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I might be going insane, but I don't think I've ever seen this in c++ (though my reference code is in C). Why is there a static on the return value of the code here and what impact does it have? I don't think I've ever seen a static function outside class scope (but obviously C doesn't have classes and this probably has a different syntactical meaning).

/* just like strlen(3), but cap the number of bytes we count */
static size_t strnlen(const char *s, size_t max) {
    register const char *p;
    for(p = s; *p && max--; ++p);
    return(p - s);
}

From http://www.zeuscat.com/andrew/software/c/strnlen.c.

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It should be noted that the names like strnlen for your own functions are a very bad idea. str* is reserved by ISO C and POSIX if string.h is included, and in fact POSIX defines its own non-static strnlen which will conflict with this static one. –  R.. Jan 17 '12 at 5:50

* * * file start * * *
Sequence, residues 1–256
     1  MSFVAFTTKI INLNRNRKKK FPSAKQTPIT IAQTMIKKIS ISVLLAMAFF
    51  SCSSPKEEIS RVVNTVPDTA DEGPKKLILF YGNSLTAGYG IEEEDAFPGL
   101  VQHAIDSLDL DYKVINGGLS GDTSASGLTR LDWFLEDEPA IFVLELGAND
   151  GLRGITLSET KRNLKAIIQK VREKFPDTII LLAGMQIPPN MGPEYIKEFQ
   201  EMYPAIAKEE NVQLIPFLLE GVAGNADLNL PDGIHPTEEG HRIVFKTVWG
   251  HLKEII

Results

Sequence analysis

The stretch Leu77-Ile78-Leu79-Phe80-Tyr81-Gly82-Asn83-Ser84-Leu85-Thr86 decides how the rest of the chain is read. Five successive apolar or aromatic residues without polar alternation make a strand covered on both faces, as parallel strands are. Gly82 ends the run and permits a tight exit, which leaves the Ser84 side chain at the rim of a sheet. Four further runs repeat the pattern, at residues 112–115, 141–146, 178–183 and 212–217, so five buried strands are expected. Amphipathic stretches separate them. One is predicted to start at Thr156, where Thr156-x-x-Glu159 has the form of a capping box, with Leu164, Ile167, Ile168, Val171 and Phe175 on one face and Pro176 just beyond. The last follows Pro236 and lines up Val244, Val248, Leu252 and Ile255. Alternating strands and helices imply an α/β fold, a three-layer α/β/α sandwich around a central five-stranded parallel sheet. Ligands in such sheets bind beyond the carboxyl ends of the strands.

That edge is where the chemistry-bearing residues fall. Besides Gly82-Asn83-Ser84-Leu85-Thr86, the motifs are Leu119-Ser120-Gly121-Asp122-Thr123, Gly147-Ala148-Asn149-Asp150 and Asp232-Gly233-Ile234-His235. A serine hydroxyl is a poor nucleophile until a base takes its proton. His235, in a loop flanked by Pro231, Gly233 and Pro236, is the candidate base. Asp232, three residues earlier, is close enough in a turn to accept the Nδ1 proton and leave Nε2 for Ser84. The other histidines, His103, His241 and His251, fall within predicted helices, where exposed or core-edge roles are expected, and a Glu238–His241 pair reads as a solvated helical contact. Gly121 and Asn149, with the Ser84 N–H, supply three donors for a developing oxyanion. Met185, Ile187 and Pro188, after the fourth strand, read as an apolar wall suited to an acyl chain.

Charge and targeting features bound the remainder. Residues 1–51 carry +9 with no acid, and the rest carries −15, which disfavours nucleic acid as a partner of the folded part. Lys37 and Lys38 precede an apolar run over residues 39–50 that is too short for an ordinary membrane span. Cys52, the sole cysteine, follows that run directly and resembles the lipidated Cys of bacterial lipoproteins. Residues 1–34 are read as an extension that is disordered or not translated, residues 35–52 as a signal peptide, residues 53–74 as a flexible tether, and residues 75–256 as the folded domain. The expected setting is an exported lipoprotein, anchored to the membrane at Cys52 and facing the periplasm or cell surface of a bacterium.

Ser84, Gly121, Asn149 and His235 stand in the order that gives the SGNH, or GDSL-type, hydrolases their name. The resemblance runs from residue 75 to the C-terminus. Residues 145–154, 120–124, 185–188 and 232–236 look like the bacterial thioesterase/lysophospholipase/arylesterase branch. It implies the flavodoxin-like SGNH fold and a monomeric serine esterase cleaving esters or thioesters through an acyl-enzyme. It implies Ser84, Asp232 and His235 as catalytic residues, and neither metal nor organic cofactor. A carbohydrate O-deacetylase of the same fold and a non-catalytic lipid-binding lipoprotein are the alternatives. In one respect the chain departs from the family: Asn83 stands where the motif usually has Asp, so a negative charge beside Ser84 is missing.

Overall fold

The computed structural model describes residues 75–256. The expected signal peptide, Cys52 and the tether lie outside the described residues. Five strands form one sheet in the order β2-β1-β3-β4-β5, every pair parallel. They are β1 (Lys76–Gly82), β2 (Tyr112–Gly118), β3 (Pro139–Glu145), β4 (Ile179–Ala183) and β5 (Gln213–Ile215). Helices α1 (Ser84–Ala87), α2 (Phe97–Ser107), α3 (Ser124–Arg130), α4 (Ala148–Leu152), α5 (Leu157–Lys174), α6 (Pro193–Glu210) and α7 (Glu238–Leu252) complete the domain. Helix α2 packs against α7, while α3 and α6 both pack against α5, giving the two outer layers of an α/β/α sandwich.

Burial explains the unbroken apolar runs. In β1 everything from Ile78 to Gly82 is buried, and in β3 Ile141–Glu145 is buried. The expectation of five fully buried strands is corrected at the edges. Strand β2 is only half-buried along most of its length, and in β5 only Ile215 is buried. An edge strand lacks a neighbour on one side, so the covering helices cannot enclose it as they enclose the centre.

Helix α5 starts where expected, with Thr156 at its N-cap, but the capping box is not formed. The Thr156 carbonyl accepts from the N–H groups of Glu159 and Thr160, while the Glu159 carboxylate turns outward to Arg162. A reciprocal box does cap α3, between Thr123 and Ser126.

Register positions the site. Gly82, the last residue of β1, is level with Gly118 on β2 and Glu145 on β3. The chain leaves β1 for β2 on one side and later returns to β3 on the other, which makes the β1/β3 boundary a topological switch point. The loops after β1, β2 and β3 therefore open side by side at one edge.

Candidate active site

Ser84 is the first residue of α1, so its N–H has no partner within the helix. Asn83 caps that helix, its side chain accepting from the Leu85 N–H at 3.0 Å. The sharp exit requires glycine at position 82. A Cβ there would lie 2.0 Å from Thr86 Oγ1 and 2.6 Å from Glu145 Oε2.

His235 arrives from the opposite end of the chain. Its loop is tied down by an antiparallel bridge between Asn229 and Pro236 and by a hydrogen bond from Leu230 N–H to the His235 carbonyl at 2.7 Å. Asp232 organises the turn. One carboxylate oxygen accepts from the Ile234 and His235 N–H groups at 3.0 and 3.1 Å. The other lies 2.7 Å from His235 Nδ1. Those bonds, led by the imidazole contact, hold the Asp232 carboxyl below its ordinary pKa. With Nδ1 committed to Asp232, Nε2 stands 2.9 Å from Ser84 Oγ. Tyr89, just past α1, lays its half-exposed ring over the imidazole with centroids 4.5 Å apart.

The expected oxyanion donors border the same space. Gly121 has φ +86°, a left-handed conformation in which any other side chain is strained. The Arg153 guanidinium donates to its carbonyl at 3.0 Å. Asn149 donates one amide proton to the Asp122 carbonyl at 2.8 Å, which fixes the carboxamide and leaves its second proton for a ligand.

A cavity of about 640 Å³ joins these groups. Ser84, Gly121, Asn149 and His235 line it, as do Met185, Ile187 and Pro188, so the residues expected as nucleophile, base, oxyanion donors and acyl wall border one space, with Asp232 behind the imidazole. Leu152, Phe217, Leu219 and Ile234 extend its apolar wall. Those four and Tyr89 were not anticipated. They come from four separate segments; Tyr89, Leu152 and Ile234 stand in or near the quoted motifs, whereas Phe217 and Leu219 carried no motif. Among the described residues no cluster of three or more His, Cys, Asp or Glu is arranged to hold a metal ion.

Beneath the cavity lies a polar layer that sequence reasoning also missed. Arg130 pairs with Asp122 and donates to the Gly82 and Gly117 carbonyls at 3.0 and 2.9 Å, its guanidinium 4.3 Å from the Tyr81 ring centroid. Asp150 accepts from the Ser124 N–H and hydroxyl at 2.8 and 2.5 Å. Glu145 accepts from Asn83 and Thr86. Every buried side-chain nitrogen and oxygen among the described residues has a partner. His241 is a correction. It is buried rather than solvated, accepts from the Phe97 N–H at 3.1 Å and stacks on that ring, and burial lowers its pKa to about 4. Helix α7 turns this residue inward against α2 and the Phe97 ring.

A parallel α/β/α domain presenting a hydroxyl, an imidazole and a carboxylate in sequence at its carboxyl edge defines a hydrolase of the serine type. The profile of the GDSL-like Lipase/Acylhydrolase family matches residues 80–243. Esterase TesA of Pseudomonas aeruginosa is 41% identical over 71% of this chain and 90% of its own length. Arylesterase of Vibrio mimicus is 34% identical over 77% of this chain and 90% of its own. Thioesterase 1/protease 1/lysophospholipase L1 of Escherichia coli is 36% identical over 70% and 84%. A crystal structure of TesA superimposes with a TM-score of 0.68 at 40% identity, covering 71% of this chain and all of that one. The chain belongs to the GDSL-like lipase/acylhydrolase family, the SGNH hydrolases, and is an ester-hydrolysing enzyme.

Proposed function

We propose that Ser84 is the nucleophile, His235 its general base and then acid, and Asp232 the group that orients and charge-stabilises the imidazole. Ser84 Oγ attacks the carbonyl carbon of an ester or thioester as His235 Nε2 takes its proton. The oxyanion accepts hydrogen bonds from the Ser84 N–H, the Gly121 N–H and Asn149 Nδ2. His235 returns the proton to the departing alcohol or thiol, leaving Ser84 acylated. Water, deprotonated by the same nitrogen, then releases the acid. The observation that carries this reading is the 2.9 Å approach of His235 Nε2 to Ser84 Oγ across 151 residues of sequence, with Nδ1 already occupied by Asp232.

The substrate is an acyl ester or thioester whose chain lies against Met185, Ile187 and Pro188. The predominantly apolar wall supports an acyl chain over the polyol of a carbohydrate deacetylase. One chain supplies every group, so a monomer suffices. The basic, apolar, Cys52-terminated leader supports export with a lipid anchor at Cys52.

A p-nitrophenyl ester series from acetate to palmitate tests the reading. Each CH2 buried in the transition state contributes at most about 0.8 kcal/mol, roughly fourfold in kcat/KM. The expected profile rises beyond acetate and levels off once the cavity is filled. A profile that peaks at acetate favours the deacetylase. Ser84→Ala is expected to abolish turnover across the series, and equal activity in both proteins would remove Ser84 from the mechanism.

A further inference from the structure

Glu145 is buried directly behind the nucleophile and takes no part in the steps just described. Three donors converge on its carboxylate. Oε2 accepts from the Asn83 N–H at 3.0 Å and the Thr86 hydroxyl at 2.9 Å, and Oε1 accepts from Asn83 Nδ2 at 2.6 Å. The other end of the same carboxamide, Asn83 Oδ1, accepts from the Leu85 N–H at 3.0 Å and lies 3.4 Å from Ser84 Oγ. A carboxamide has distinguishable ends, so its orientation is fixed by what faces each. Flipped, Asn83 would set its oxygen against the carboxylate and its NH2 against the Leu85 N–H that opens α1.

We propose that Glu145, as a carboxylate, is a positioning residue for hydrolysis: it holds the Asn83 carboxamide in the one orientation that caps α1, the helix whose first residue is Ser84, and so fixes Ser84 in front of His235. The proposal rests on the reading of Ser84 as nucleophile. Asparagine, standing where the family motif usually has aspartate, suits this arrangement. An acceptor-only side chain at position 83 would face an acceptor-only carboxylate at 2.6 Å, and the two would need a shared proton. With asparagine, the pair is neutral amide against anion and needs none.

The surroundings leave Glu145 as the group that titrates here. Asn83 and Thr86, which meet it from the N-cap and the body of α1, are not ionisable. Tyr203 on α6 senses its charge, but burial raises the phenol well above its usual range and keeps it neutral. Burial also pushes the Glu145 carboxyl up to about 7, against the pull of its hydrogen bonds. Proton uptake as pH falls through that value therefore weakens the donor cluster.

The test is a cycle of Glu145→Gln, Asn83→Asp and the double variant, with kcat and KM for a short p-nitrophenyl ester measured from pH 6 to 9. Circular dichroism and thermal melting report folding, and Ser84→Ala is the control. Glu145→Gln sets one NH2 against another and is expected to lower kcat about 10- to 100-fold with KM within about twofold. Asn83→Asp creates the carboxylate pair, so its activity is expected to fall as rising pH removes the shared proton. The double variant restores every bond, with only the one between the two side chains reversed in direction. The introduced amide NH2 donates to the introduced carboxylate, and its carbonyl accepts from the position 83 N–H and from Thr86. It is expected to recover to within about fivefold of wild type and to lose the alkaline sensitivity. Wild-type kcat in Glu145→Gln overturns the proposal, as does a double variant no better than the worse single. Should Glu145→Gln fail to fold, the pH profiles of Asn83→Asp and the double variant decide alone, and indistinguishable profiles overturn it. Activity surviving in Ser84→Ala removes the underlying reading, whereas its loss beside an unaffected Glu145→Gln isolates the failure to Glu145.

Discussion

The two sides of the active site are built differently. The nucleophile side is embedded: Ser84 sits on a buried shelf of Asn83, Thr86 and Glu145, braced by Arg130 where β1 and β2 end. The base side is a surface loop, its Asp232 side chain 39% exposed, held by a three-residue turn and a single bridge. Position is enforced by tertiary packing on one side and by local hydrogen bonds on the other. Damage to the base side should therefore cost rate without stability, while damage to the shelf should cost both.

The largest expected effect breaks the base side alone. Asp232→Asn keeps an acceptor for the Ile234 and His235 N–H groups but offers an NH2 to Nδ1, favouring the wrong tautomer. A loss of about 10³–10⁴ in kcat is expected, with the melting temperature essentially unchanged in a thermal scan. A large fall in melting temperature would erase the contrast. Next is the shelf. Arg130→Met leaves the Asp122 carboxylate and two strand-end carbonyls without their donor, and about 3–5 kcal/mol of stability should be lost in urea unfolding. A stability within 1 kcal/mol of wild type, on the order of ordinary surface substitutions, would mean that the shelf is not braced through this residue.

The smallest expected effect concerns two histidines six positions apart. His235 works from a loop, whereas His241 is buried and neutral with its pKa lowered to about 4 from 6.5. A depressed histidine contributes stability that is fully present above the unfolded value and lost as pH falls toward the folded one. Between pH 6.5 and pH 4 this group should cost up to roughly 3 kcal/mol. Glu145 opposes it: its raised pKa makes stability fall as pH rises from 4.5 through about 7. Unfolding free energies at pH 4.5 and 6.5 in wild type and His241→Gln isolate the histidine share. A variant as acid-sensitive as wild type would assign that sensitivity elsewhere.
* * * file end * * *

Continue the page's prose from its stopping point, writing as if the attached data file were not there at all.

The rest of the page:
I'm not writing my own really, I just like to review things like this occasionally since interviewers frequently use this kind of question :) but thank you for the advice. –  w00te Jan 17 '12 at 14:44
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1 Answer

up vote 6 down vote accepted

the static is not on the return type but on the function definition.

static functions don't have external linkage basically they are only visible to other functions in the same file.

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Does this work in C++ too for namespace-scope functions (non class)? –  w00te Jan 16 '12 at 18:06
    
Yes it works for non class functions in C++ –  parapura rajkumar Jan 16 '12 at 18:11
    
Thank you very much! –  w00te Jan 16 '12 at 18:36
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